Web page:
Critique my Sweet Stout Recipe

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maltoftheearth

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Brewing a sweet stout this weekend and have not used roasted barley. I have read a lot of disagreement on whether it is necessary or not in a stout but it sounds like a traditional sweet stout would include it. Thoughts?

8lbs Pale Malt
1lb Carafa I
1lb Roasted Barley
8oz Crystal 60L
8oz Chocolate Malt
8oz flaked oats

.5oz Nugget @ 60 minutes
.5oz Nugget @ 0 minutes

Wyeast 1028
 

cluckk

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If you're brewing to style the BJCP guidelines for sweet stout mention roasted barley as part of the profile in aroma and flavor. Your recipe looks good. Mine is pretty similar except for the Carafa and I use a different hop. What are your IBUs calculated at?
 
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maltoftheearth

maltoftheearth

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IBU's are at 27. The man behind the counter at the LHBS scowled at one pound of roasted barley.

We did BIAB, added all dark drains to the last 10 minutes of mash and then did a dunk sparge. Smelled good going into the carboy!
 

sconnie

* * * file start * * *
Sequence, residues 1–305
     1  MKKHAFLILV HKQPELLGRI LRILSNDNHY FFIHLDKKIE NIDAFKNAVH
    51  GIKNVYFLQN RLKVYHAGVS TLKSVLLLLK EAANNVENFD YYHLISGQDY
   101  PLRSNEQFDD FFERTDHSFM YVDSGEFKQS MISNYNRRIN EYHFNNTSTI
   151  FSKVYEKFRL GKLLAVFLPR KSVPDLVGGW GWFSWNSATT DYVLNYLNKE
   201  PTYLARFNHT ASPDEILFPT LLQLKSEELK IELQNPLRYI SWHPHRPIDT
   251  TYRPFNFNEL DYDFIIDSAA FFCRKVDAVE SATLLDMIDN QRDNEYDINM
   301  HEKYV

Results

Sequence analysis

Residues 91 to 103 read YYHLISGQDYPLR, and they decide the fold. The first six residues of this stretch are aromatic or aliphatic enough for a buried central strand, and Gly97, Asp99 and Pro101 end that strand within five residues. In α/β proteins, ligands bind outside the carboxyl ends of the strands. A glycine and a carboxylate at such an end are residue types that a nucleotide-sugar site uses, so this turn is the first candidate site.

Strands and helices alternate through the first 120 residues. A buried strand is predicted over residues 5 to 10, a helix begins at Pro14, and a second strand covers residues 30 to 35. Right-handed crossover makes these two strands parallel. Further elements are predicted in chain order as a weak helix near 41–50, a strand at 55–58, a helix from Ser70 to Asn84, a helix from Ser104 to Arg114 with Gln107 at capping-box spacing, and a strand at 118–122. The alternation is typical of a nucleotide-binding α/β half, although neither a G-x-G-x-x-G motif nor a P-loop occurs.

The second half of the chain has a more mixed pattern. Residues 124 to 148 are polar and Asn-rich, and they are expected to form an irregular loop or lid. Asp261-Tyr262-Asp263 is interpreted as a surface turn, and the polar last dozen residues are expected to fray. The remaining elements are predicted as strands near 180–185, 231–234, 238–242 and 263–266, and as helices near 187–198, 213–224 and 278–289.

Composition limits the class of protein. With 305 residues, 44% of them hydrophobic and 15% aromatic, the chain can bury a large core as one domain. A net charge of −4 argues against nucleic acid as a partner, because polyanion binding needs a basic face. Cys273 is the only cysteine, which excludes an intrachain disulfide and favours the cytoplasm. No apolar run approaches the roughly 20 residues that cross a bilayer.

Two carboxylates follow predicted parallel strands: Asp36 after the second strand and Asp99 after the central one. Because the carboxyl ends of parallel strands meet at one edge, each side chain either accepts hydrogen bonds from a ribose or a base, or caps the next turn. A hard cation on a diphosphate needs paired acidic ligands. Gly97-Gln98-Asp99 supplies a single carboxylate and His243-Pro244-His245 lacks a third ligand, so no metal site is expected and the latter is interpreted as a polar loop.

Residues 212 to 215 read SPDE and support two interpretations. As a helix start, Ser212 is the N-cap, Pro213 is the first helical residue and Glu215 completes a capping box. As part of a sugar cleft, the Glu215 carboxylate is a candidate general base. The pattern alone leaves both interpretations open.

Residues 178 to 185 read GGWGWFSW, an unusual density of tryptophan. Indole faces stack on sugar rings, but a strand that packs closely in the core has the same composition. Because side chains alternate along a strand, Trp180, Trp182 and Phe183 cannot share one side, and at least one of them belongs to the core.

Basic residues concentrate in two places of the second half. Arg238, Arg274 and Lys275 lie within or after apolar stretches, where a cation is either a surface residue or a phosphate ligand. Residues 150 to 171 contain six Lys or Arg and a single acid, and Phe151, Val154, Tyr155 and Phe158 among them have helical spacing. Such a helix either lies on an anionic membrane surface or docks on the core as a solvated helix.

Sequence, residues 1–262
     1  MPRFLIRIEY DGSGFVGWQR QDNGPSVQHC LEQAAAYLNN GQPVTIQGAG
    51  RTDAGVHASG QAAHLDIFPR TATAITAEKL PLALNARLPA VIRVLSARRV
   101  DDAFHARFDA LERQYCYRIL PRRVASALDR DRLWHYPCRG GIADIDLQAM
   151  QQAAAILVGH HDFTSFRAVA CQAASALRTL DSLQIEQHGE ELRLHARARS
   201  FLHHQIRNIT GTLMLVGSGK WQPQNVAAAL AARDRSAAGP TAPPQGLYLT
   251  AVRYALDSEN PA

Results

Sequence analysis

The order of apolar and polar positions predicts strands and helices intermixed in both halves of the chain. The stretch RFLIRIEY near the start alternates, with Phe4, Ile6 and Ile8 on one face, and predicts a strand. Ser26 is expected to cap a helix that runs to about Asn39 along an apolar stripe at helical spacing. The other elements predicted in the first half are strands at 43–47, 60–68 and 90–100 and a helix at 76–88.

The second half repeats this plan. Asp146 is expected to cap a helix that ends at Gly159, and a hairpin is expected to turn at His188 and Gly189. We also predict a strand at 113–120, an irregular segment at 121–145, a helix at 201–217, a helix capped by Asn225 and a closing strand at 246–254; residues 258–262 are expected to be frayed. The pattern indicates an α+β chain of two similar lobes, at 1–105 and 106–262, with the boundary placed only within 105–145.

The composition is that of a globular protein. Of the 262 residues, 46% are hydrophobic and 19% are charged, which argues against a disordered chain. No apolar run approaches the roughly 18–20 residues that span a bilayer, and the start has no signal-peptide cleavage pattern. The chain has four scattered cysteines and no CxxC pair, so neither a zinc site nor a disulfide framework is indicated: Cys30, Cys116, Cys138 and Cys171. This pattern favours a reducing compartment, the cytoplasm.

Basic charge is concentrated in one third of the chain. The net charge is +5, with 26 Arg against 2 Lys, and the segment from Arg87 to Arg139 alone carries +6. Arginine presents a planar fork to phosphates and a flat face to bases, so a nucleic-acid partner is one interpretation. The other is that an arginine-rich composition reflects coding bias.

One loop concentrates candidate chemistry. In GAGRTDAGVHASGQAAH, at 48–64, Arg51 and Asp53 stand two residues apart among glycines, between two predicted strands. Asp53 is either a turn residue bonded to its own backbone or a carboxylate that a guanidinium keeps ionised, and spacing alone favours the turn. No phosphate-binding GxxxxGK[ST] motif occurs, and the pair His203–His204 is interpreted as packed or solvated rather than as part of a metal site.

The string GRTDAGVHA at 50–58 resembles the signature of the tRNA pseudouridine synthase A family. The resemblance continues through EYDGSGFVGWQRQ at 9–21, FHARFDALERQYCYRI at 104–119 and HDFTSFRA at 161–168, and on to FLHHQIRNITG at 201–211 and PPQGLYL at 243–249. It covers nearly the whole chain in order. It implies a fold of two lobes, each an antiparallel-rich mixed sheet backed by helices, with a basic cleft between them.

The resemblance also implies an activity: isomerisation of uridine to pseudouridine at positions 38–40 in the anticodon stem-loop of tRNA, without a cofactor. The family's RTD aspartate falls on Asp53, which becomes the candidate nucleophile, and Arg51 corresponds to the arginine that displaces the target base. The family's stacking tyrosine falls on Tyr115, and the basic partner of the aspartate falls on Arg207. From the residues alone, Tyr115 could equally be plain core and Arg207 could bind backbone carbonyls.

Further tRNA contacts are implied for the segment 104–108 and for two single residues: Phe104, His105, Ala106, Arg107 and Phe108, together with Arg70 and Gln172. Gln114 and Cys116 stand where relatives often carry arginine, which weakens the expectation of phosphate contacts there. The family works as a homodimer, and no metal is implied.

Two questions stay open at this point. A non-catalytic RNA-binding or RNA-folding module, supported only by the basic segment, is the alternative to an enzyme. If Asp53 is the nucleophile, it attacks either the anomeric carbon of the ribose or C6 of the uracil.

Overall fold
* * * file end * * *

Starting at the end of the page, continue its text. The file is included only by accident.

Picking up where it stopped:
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Sweet/milk stout usually has some lactose for sweetness (beer yeast cannot ferment lactose). I would guess that this won't finish particularly sweet with only half a pound of crystal and no lactose. Also, between the carafa, roasted barley and chocolate you have 2.5 lbs of roasted malt in a moderate gravity beer. Unless that's carafa special you are using, the de-bittered kind used mostly for color, you might find this beer to be pretty astringent. I'd say loose the carafa and you'll have a great stout, and consider adding .5 lb of lactose if you want a traditional sweet/milk stout flavor.
 

BigFloyd

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Sweet/milk stout usually has some lactose for sweetness (beer yeast cannot ferment lactose). I would guess that this won't finish particularly sweet with only half a pound of crystal and no lactose. Also, between the carafa, roasted barley and chocolate you have 2.5 lbs of roasted malt in a moderate gravity beer. Unless that's carafa special you are using, the de-bittered kind used mostly for color, you might find this beer to be pretty astringent. I'd say loose the carafa and you'll have a great stout, and consider adding .5 lb of lactose if you want a traditional sweet/milk stout flavor.
This ^^^^^^^. :rockin:
 

peterj

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Yeah sweet stout = milk stout. I believe they called the style sweet stout because until relatively recently it was against the law to put "milk stout" on commercial bottles.

Edit: oh yeah the recipe looks pretty good, though maybe a little heavy on roasted malt. I bet it will be delicious though. Especially with the late add roasted. Some lactose would help balance the roast for sure.
 

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